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The Trump Administration’s Iran Obsession

Trump is considering a more aggressive anti-Iranian policy:

President Donald Trump is weighing a strategy that could allow more aggressive U.S. responses to Iran’s forces, its Shi‘ite Muslim proxies in Iraq and Syria, and its support for militant groups, according to six current and former U.S. officials.

The Trump administration is full of people fixated on and intensely hostile to Iran, so this hardly comes as a surprise. Hostility to Iran has been one of the few constants in Trump’s foreign policy positioning since he first announced his candidacy, and it has been the recurring theme in his regional policies since taking office. Tillerson, Mattis, and McMaster presented the plan to Trump, so a more aggressive anti-Iranian policy has the stamp of approval from the administration’s more conventional members. It seems likely that Trump will approve their plan. The administration is gearing up to increase U.S. involvement in the region in opposition to Iran while doing its best to undermine the JCPOA. That suggests that the U.S. will align itself ever more closely with its reckless regional clients, and it could bog itself down in multiple conflicts for the sake of the administration’s Iran obsession.

Sadly, this misguided and dangerous course of action will probably be well-received in Washington, where the conventional wisdom has long held that Obama was too accommodating to Iran. Trump’s reflexive rejection of anything associated with Obama (except disgraceful support for the war on Yemen) has dovetailed with the prevailing hawkish view in D.C. that the U.S. needs to meddle even more in the name of opposing Iran. That promises to yield nothing but open-ended conflict for the U.S. in Iraq and Syria and perhaps elsewhere along with increasing tensions with Tehran that could eventually lead to a new war.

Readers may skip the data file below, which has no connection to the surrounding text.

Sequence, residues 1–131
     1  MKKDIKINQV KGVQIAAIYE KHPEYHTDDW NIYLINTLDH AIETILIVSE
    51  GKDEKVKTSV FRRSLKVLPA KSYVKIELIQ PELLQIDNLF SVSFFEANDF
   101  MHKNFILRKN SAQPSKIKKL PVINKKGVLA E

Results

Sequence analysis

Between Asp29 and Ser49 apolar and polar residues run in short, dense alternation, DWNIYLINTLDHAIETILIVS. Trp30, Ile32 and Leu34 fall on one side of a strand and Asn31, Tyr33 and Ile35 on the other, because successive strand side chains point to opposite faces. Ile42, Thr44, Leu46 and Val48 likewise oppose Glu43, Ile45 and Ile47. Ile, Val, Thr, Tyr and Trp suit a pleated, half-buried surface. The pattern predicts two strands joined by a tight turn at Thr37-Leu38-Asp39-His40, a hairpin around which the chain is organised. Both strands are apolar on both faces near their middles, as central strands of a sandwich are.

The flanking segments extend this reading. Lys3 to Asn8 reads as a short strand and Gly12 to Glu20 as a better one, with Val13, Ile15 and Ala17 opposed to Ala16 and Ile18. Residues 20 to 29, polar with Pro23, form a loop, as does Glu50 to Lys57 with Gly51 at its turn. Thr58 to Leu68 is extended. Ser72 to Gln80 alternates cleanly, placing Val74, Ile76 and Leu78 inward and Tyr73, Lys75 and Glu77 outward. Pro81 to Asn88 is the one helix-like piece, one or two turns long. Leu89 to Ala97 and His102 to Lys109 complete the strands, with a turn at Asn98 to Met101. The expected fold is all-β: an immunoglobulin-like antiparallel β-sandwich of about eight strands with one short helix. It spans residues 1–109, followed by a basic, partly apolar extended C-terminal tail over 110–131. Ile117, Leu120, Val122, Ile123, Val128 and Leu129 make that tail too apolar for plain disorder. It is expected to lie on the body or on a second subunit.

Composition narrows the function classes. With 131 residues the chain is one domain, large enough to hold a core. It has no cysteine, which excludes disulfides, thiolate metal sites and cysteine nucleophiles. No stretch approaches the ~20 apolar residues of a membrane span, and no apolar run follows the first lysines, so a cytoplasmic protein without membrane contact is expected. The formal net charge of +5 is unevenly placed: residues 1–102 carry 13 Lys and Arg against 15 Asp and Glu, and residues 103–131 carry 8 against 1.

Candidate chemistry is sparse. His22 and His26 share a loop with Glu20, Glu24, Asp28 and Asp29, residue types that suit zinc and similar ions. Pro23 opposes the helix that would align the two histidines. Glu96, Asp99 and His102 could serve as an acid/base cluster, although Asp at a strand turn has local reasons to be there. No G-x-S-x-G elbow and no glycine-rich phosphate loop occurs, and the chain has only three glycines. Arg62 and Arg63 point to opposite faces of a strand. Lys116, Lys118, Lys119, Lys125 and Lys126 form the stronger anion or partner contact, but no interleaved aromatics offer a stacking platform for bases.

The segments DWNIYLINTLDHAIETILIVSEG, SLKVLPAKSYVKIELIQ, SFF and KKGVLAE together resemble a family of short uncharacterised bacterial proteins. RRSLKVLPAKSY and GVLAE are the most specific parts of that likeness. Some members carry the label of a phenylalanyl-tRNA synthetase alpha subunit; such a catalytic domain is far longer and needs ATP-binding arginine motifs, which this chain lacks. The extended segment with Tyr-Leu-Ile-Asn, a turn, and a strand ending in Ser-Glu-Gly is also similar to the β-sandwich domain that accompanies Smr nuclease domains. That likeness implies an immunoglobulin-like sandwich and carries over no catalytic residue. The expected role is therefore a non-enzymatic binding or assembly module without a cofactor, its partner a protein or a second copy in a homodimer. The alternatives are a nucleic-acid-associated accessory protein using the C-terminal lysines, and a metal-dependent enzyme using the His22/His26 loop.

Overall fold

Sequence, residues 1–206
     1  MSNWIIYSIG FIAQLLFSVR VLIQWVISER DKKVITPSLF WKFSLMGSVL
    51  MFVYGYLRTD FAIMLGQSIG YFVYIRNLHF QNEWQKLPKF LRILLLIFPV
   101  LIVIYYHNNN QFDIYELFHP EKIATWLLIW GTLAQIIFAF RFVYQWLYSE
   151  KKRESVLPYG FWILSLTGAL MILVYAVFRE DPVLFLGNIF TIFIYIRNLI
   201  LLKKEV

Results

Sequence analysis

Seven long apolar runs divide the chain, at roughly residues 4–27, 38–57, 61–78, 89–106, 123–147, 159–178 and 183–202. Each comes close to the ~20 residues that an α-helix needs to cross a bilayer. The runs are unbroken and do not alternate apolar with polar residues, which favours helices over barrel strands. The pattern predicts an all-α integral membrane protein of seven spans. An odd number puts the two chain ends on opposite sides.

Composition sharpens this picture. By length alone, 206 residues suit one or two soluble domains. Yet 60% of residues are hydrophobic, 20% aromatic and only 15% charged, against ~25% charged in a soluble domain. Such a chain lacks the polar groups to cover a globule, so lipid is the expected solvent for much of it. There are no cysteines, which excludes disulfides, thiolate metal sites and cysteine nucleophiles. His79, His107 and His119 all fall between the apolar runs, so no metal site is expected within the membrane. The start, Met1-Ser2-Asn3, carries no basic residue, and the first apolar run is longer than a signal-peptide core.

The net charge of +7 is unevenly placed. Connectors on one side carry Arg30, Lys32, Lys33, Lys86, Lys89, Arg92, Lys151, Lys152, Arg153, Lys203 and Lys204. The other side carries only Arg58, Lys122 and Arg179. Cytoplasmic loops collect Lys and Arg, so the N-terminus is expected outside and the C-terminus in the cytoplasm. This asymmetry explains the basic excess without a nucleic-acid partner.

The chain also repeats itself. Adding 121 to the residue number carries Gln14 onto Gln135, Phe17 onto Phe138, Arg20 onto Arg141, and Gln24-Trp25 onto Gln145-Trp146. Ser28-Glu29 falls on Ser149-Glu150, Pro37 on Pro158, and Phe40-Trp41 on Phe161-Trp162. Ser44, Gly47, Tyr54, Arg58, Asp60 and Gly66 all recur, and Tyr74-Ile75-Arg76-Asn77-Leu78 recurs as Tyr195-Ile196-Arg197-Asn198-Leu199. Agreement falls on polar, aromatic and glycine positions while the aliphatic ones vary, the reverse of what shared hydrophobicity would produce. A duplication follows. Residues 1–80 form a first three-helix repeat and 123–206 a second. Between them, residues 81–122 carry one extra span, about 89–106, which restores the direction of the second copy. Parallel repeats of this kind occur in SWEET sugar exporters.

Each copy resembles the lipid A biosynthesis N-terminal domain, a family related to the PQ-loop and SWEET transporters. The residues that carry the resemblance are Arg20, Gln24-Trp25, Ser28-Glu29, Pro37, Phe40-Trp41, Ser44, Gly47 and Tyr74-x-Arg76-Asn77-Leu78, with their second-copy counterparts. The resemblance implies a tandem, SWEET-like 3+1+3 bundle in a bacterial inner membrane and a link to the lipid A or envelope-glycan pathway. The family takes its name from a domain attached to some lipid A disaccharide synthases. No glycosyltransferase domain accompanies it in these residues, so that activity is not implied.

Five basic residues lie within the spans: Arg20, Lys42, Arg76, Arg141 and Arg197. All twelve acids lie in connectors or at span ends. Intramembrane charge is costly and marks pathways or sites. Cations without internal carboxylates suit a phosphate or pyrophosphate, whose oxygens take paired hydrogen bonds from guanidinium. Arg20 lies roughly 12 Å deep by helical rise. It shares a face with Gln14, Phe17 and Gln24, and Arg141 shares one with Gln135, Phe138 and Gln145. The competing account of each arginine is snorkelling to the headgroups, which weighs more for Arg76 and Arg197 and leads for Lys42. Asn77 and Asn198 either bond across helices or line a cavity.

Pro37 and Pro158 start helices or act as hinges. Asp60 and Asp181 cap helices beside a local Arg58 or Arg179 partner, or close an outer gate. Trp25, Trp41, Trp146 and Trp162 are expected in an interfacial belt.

One section of the proposal is vague but quite worrisome:

The plan also recommends the United States react more aggressively in Bahrain, whose Sunni Muslim monarchy has been suppressing majority Shi‘ites, who are demanding reforms, the sources said.

It’s not clear what this would mean in practice, but I fear that it means that the U.S. would indulge Bahrain’s government in whatever repressive tactics it wants to use against its domestic critics while continuing to sell them even more weapons. Everything that our Gulf clients have done in recent years in Syria, Yemen, and elsewhere should have made the U.S. realize how dangerous and destabilizing these states have become, and their domestic crackdowns serve as a reminder of how awful their regimes are. A plan that ties the U.S. more closely to our reckless client states and forces us to take their side in regional rivalries even more than our government already does is a deeply flawed and irresponsible one.

about the author

Daniel Larison is a senior editor at TAC, where he also keeps a solo blog. He has been published in the New York Times Book Review, Dallas Morning News, World Politics Review, Politico Magazine, Orthodox Life, Front Porch Republic, The American Scene, and Culture11, and was a columnist for The Week. He holds a PhD in history from the University of Chicago, and resides in Lancaster, PA. Follow him on Twitter.

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